First, given both the destructive potential of a financial crisis and the frequent use of public money to save failed financial houses, the financial system has to be better regulated to prevent financial failures, whose frequent byproduct is stagflation. The U.S. should consolidate the regulation of the entire financial system within a new financial market regulator. Instead of passively regarding the biggest financial institutions to be "too big to fail," this new financial regulator should (as the astute financial analyst, Henry Kaufman, has urged) actively improve the prudential supervisory techniques to render the biggest financial institutions to be "too good to fail." The US must jettison the practice where the profits of the biggest financial houses are privatized but their losses socialized.

Second, given the growing and tightening of economic linkages among countries, and the real possibility of a race to the bottom in financial regulation, the next president should quickly engage the European Union (EU) and Japan in raising and harmonizing the regulatory standards in their financial markets.

Third, the present US financial agencies are geared toward preventing financial contagion within US borders, and are grossly inadequate for limiting international contagion. The IMF has at best a mediocre record in handling international contagion, and its present governance structure does not give it the legitimacy to coordinate the concerns of the global community on this matter. The next US President should call for an international conference (possibly, under UN auspices) to design an international financial architecture that is appropriate for present circumstances.

Fourth, the Federal Reserve should become a more specialized agency. It should focus on its monetary policy role and give up its regulatory role. The Fed must refine its inflation target to include asset price inflation. It was famously said by a former Fed chairman that a competent central banker is someone who takes away the punch bowl just as the party gets going. Right now, the Fed is ascertaining the mood swing in the party by staring at only one specific corner of the room, which is clearly not the optimum way to identify the tipping point of the mood within the room.

Fifth, in the short-run when output is limited by existing production capacity, the higher prices of commodities mean that the net real income of a commodity-importing country (e.g. US and EU) has to fall until capital accumulation and technological improvements have raised income enough to cover the additional payments to the commodity exporters. In this transition period, its is important to suspend any automatic indexing of wages to inflation in order to avoid a further squeeze on profits which would then slow down capital accumulation and prolong the transition phase (and keep unemployment higher). During this transition phase, the government must increase its welfare budget in order to ensure that the poor segments of society do not fall below the minimum living standard.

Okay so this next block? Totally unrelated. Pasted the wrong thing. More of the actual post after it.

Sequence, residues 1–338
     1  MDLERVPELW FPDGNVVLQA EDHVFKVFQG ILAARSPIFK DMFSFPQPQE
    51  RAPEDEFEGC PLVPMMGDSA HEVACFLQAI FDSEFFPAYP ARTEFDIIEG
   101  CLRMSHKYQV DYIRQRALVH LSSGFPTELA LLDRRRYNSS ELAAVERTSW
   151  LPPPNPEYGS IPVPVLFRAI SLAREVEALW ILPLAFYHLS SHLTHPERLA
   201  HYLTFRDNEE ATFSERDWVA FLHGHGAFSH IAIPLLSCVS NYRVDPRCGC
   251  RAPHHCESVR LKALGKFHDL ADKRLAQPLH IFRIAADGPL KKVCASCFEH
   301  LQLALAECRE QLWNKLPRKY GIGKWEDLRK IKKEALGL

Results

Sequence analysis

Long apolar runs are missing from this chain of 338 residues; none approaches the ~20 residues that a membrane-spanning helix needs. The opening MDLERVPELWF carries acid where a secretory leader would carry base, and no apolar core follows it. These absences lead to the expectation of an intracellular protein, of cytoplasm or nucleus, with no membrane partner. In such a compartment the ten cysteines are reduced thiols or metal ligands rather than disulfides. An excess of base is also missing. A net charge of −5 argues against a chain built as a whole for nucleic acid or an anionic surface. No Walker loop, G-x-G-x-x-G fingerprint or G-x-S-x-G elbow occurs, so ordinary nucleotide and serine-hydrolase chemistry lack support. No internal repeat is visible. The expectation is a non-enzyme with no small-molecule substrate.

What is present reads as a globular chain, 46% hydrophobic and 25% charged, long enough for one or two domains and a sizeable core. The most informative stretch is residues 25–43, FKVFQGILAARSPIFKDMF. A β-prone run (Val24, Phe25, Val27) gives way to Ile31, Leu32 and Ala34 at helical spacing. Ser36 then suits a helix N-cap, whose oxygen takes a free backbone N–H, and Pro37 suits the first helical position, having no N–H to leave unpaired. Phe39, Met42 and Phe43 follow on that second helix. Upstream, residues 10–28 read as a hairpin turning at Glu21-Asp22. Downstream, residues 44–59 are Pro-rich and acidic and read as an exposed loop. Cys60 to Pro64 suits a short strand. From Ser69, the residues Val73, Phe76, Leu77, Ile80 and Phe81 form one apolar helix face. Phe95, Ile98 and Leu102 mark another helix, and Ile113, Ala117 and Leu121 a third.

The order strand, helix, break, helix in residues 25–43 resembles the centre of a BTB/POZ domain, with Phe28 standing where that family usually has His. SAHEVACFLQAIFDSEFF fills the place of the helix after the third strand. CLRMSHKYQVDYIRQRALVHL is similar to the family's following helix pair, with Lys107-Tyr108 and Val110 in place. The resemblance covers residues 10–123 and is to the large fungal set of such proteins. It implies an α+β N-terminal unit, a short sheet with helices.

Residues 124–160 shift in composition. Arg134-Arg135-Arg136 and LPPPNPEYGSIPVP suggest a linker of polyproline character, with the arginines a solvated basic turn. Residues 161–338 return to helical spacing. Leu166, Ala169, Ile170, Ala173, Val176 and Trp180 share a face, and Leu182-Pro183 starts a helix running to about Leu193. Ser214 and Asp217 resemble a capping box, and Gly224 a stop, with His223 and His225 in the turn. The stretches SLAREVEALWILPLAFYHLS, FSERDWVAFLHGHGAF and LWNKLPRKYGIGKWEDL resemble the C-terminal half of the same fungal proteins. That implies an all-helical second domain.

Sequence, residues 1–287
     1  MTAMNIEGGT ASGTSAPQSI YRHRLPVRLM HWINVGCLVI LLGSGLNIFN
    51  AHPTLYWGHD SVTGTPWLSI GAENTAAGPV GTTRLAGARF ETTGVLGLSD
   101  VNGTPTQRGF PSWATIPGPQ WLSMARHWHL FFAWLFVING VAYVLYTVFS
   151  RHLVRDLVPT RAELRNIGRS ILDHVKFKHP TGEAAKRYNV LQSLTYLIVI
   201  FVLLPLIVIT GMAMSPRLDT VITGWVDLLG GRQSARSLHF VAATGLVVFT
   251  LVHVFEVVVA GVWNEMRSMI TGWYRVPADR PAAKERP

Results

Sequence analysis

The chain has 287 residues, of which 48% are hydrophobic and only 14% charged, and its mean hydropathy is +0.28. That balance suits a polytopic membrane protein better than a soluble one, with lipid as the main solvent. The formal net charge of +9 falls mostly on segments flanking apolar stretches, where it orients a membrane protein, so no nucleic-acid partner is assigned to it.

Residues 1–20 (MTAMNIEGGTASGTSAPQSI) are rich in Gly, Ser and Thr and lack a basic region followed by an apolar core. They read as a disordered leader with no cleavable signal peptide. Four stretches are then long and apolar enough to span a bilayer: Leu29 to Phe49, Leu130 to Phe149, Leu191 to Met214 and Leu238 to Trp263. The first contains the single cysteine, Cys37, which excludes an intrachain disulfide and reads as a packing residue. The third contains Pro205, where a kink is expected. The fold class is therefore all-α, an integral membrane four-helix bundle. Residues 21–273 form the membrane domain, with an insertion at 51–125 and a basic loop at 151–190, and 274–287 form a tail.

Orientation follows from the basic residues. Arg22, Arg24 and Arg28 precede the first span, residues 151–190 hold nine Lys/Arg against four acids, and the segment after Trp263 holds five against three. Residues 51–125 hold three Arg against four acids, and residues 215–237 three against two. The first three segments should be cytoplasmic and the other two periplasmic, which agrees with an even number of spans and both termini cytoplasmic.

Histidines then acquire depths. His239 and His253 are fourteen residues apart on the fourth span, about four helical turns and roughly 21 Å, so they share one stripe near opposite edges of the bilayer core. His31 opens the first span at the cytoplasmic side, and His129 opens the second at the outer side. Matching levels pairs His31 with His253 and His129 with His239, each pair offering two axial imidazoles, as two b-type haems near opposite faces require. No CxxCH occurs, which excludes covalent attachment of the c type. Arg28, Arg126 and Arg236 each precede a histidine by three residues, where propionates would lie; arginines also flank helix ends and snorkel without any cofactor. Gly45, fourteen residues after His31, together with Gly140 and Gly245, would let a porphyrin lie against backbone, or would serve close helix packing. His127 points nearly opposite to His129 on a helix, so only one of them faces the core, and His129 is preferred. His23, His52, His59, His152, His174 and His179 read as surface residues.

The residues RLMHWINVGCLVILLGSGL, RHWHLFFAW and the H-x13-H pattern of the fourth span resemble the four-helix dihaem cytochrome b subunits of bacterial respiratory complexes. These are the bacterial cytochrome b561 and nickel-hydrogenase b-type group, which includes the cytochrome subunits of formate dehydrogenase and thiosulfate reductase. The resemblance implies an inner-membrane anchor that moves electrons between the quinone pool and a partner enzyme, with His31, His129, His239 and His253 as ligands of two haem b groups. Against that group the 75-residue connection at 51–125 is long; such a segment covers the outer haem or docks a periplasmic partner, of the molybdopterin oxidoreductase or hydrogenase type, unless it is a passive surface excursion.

Sixth, Asia and Latin America will continue their convergence to the living standards of the OECD. The expected large rise in Asian and Latin American income really means an anticipated large increase in industrial production in these two regions, and a coming large rise in greenhouse gases. Given the rapidly growing global worry about climate change, a global CO2 ceiling is a very likely outcome in the medium run, and such a ceiling would be a much larger supply-side shock to the US (and the world) than the present high commodity prices, i.e. a worse stagflation would follow the present one![1]

The global climate change agenda is important to the United States on many fronts beside the economic one. The development of clean energy is fundamental to addressing the problem. The next president should mobilize not only a domestic state-university-business coalition to work for a breakthrough in alternative energy but also an international scientific coalition to maximize the probability of an early breakthrough.

Clearly, if the U.S. cannot achieve the international cooperation required for effective financial supervision to alleviate the present stagflation, it is highly improbable that the U.S. can achieve the international cooperation to prevent the worse stagflation created by climate change. The next president must be a strong consensus builder at home and abroad in order to effectively address these numerous challenges.



[1] The “good” news for the next president is that a global CO2 ceiling would probably not materialize within the next eight years.